Supplemental Material for Kim et al., 2018
Datasets usually provide raw data for analysis. This raw data often comes in spreadsheet form, but can be any collection of data, on which analysis can be performed.
Figure S1: Changes in gene content in Ensembl Compara v87, v88 and v89. The Ensembl Compara database was updated three times while we were compiling OL2. In this time-span we noticed that the landscape of worm genes with predicted human orthologs changed after each update, so that each version had ~2% of genes unique to it, while another ~2-4% of genes were found in only two of the three versions (see also Materials and Methods).
Figure S2: Updated OL1. We updated OL1 by addressing changes in worm gene structure, classification and nomenclature for the genes present in our original compendium. We then combined results from the corrected OL1 programs. The Venn diagram (A) shows overlap in corrected gene content between the four programs, while the table (B) gives an overall measure of how many genes were found by one or more programs (regardless of which one(s) found them).
Table S1: Data sources for orthology-prediction programs used to compile OL2. The source data for each program is found at each program’s website.
File S1: Changed OL1 worm genes. This file lists genes whose classification, or ID, changed since the release of OL1. Type I changes correspond to genes that were re-classified as pseudogenes, ncRNA, being transposon-derived, or killed due to lack of evidence. Type II changes results from combining, or “merging” two or more genes that had each, separately, been found to have a human ortholog in OL1. Type III changes represent genes that were assigned new IDs, either because experimental evidence suggested that they should be merged with genes previously not in OL1 (marked red), or due to addition of previously unpredicted gene segments (denoted as a red “?”)
File S2: Corrected C. elegans genes in OL1. All corrected worm genes found by each OL1-era version of orthology prediction methods are shown in tab (A). Tab (B) shows the distribution of results between OL1-era orthology-prediction methods, while tab (C) shows the corrected OL1 as well as the distribution of genes by support class (supported by one, two, three or all methods).
File S3: Changed OL1 human genes. Human ENSG gene IDs from OL1 are listed for each orthology-prediction method in tab (A). This tab also shows the 574 ENSG IDs that are no longer found in current versions of the Ensembl genome browser. Tab (B) shows the Ensembl-provided history for the 574 lost ENSG IDs, showing that most are now just classified as “retired”. Tab (C) shows a randomly selected subset of 20 IDs that were “retired”. Note that the gene name (HGNC-approved symbol) associated with the “retired” ENSG ID is always associated with current ENSG IDs, demonstrating that curation of ENSG IDs rarely links “retired” IDs with their current counterparts. Tab (D) lists the sixteen human ENSG IDs that we could confirm were deprecated.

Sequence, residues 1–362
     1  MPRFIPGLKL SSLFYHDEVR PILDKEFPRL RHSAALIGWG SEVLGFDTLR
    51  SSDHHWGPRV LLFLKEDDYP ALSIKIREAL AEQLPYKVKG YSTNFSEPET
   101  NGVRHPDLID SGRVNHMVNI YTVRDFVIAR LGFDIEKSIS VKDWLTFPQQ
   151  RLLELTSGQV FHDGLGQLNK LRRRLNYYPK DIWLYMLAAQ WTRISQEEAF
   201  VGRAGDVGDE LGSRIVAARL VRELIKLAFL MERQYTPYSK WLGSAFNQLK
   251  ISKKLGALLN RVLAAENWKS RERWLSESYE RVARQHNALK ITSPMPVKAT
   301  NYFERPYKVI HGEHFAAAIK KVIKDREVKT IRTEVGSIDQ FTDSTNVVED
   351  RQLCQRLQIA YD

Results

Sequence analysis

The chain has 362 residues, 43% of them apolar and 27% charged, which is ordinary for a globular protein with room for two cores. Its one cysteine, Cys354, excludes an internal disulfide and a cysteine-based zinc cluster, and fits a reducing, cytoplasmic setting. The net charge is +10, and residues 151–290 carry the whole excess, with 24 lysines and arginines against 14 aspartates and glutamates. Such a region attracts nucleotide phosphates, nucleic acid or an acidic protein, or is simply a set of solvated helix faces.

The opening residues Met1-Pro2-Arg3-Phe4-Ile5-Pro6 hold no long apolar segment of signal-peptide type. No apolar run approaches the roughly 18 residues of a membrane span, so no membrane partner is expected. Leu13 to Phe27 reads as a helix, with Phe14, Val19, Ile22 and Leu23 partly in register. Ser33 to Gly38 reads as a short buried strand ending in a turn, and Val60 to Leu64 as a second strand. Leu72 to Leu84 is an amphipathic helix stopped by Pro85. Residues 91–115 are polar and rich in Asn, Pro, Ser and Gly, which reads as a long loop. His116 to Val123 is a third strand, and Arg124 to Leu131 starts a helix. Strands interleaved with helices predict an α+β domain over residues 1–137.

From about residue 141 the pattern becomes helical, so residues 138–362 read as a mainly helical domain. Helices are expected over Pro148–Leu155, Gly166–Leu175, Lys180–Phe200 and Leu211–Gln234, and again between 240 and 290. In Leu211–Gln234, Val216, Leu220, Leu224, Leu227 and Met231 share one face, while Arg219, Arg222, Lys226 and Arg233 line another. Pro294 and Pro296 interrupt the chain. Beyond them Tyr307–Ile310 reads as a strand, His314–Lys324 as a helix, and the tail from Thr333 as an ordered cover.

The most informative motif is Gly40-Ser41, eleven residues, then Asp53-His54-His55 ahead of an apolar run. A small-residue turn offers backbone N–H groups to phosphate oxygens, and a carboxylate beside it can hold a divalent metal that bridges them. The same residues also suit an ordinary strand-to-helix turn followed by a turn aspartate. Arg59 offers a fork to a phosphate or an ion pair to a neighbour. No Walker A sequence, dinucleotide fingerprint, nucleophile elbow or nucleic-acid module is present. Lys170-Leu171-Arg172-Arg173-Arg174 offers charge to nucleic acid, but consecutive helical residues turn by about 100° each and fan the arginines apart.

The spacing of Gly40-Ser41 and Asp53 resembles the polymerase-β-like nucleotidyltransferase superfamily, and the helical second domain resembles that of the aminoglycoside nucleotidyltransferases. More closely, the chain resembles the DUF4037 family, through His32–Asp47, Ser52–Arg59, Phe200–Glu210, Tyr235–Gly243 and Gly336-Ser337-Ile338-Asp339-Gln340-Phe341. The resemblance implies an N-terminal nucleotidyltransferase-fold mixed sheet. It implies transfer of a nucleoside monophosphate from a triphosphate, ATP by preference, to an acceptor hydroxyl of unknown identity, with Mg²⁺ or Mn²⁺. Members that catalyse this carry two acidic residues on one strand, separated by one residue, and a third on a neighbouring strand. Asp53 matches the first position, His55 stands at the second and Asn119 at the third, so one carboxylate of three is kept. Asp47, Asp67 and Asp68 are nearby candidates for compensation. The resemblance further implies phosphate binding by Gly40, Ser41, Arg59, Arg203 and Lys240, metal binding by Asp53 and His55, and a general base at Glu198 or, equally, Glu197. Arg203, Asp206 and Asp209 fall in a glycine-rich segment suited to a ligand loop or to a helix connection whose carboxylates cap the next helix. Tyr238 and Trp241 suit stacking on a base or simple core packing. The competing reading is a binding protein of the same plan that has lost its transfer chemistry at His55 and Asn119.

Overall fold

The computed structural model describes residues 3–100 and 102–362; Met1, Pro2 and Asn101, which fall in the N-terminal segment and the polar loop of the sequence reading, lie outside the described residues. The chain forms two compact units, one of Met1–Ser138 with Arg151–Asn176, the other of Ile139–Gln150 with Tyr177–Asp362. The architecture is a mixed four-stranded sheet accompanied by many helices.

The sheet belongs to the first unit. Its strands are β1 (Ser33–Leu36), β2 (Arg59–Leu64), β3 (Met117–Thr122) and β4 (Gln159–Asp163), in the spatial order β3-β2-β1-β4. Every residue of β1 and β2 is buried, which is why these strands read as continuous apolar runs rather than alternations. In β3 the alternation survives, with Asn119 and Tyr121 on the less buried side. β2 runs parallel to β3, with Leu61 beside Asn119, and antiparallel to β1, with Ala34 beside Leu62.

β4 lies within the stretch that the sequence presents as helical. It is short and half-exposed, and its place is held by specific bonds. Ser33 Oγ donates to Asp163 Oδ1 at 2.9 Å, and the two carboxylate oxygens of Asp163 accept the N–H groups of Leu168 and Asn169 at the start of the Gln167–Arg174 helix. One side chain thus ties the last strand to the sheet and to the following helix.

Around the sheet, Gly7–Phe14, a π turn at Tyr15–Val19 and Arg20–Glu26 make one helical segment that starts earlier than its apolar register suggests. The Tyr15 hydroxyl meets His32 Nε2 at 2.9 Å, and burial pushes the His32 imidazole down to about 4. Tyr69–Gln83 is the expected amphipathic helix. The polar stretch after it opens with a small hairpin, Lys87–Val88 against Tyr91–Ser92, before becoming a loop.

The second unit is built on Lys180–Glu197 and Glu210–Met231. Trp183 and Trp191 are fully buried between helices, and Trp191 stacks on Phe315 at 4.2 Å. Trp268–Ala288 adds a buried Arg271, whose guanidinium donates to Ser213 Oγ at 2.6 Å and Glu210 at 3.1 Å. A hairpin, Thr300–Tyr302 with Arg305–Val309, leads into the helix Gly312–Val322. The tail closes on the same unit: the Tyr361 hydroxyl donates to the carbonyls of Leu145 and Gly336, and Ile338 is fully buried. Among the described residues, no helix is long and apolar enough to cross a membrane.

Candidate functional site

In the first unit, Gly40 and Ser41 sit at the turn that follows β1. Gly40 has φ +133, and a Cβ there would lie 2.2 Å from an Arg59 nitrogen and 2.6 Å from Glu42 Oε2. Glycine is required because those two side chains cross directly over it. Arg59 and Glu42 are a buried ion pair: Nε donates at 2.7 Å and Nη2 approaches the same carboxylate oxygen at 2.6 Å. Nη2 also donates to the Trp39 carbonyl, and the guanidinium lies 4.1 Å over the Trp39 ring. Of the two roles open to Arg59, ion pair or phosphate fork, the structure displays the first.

File S4: C. elegans genes in OL1.1. Tab (A) shows the worm genes found to have human orthologs by updated versions of prediction methods used in OL1. Tab (B) shows the distribution of results between orthology-prediction methods. Tab (C) shows the final OL1.1, as well as the distribution of genes by support class (supported by one, two, three or all methods). Tab (D) lists those genes found only in OL1 (termed “lost”), and those added upon update to OL1.1.
File S5: C. elegans OMA and OrthoInspector results, their relationship to OL1.1 and genes not supported by current versions of orthology-prediction methods. Tab (A) shows the worm genes found to have human orthologs by OMA, OrthoInspector and those already in OL1.1. Tab (B) shows the distribution of results amongst these three sets. Tab (C) lists all worm genes with human orthologs supported by current orthology-prediction methods (OL2) as well as those no longer supported (the “legacy” set).
File S6: the “legacy” set. Tab (A) lists the 256 C. elegans genes previously-predicted to have human orthologs, but not supported by current versions of orthology-prediction methods, and their predicted protein domains determined by SMART and InterPro. Tab (B) lists the human “legacy” set: 165 human genes that were previously predicted to have worm orthologs, but for whom orthology is no longer supported.
File S7: OL2 and legacy master list. This file, which underlies the database hosted at ortholist.shaye-lab.org, contains all orthology predictions (current and legacy), with C. elegans and human gene identifiers, as well as associated protein domain (SMART and InterPro) and human disease (OMIM) information.
File S8: Freeze of code used to compile OrthoList 2. The code was downloaded from https://github.com/danshaye/OrthoList2 at the time of submission.